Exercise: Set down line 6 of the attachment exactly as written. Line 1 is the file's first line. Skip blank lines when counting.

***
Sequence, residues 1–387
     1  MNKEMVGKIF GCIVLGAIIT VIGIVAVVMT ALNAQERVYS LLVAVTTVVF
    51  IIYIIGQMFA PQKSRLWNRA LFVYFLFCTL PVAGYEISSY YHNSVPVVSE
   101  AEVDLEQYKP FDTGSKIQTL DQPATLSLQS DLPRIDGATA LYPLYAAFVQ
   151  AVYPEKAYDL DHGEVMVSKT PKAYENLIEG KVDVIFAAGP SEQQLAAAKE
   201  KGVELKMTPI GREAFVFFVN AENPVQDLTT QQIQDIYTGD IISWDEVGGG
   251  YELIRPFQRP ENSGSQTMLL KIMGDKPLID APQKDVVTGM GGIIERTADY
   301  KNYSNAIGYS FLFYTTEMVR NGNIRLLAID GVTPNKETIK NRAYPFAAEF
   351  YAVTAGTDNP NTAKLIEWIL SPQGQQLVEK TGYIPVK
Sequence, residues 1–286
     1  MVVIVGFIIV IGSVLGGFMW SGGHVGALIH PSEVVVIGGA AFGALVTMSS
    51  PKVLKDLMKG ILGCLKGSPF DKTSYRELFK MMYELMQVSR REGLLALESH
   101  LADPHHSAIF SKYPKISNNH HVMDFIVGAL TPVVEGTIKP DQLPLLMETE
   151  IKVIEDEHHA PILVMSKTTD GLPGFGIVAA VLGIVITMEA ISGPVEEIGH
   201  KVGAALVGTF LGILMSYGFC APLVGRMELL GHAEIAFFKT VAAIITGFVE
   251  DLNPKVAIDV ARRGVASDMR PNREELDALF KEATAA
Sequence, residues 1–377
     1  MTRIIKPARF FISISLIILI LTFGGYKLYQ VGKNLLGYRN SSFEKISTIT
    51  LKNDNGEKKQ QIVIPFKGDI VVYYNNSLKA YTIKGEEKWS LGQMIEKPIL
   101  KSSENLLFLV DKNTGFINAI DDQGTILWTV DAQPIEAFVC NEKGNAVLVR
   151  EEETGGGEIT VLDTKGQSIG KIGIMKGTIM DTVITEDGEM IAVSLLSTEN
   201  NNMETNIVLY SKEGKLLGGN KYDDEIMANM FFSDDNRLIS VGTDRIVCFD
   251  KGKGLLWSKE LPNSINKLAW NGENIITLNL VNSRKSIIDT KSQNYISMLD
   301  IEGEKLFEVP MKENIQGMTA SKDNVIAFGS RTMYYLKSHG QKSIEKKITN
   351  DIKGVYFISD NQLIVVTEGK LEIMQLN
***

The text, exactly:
   201  KGVELKMTPI GREAFVFFVN AENPVQDLTT QQIQDIYTGD IISWDEVGGG